As a journalist, I kept a close eye on Brian Tobin, the politician.
He had his share of positive press, no doubt. Reporters, male and female, practically swooned over him, and some, I imagined, even swore to never wipe Tobin’s spittle from their mikes.
Someone in the media had to be critical.
From the amount of public money that federal Fisheries minister Tobin spent on new Ottawa office furniture, to the salary of the chauffeur who drove premier Tobin around Town, the copy practically wrote itself.
At one point, after I had written a particularly stinging article for The Evening Telegram about how the then-premier and his cabinet had cruised to Labrador aboard a Canadian Coast Guard ship, feasting on filet mignon and lobster tails, Tobin went on CBC’s Fisheries Broadcast to call me a “fake” journalist.
We had our moments.
Another evening, after a few exhausting weeks on the provincial election trail, Tobin and I had a late-night drink at a George Street bar.
Tobin was fond of cigars and offered me one. I didn’t smoke cigars at the time, but I accepted, curious to see what Tobin was like one-on-one; the person behind the politician.
Make no mistake, I liked the guy, personality plus, although he almost lost it when I casually dropped the cigar to the floor and crushed it. (The cigar, I later learned, cost almost as much as my shoes.)
Tobin had a way with people, a movie-star effect.
Little old outport ladies blushed brighter than schoolgirls when he surprised them in their kitchens, campaign bus idling outside. Construction workers were mightily impressed when he scampered up a scaffold in dress pants and shoes. Mall rats were smitten when he walked by and bummed a French fry. (He had them at ‘Hey b’y.’)
As for his political legacy, federally and provincially, that’s a whole other blog post, and the least of his worries as of late.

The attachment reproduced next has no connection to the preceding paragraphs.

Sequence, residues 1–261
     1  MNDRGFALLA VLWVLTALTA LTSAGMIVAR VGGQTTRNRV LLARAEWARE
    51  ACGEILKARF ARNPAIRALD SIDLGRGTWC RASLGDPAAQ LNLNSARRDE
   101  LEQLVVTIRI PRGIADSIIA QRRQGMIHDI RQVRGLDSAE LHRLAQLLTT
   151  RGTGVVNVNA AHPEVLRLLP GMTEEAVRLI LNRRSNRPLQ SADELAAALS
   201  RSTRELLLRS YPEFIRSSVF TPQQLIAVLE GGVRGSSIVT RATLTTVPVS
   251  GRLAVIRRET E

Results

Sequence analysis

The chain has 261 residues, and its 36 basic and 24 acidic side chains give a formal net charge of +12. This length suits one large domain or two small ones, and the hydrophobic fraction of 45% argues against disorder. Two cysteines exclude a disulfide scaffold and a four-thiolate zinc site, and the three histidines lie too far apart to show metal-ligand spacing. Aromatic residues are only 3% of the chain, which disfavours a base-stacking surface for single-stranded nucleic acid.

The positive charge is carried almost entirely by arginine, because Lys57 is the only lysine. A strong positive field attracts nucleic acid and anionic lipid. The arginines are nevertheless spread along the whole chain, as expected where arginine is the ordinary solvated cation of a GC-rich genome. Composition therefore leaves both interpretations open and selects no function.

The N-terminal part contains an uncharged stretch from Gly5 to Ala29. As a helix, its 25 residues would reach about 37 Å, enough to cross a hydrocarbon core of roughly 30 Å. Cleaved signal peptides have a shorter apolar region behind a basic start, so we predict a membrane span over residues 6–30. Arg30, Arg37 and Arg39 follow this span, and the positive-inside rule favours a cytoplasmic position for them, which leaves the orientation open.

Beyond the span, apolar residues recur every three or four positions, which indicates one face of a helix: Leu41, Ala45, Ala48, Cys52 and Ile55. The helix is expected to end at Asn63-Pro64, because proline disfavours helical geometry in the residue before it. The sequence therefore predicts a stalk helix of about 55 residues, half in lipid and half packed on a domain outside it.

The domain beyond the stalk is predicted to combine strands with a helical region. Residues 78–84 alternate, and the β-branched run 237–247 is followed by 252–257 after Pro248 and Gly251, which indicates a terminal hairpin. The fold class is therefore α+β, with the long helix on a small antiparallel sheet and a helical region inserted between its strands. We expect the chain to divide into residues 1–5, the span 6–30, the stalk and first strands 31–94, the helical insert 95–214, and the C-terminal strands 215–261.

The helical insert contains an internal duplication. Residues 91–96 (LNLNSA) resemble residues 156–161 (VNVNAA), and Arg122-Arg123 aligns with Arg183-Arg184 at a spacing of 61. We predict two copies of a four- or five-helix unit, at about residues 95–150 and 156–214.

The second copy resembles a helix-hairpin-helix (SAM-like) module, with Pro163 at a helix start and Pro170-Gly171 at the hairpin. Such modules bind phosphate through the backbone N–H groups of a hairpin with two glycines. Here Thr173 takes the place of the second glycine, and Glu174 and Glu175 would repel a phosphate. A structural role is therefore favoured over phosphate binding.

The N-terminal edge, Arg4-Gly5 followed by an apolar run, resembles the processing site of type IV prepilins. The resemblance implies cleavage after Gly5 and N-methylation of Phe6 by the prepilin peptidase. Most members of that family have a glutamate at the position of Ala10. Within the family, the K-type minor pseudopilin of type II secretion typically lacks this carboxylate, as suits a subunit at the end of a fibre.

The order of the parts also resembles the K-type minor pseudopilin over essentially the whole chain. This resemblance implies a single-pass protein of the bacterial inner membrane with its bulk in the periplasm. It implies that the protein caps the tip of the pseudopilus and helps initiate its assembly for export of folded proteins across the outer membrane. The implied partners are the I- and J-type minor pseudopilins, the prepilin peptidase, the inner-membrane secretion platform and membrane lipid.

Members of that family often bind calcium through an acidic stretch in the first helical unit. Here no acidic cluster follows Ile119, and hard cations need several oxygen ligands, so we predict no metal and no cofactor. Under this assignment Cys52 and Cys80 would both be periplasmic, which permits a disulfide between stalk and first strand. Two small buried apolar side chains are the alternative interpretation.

There are rare occasions when politics must be put to the side.
Tobin has been in the news in recent weeks after his son Jack was charged with several offences in the death of his long-time friend, Alex Zolpis, following an accident in an Ottawa parking garage on Christmas Eve.
Leaving the court with his son, Tobin told the TV cameras he and the family were devastated, and he looked it. Jodean, his wife, wept openly.
I remember sitting with Jodean on an election bus years ago, drifting from one campaign stop to the next.
We talked about our children, how we were both fond of simple but strong names.
She mentioned Jack, her youngest. Her love and pride were obvious.
The day after the 1999 election campaign, Tobin, who won a second term by a landslide, granted me a wrap-up interview in his 8th-floor Confederation Building office.
When it was done he went to an office closet and retrieved a copy of Wayne Johnston’s The Colony of Unrequited Dreams, which he had read and raved about, and wrote the following inscription:
(the day after)
When you are older you’ll realize that only the politics of Nfld and Lab could keep your Dad away for a few weeks. My apologies.
I would never accept a gift from a politician, Tobin knew that (I had returned a cartoon of cigarettes in the past), but the book was for my son, and I couldn't say no.
We were parents first and foremost.
From one father to another, take care of yourself and your family Mr. Tobin.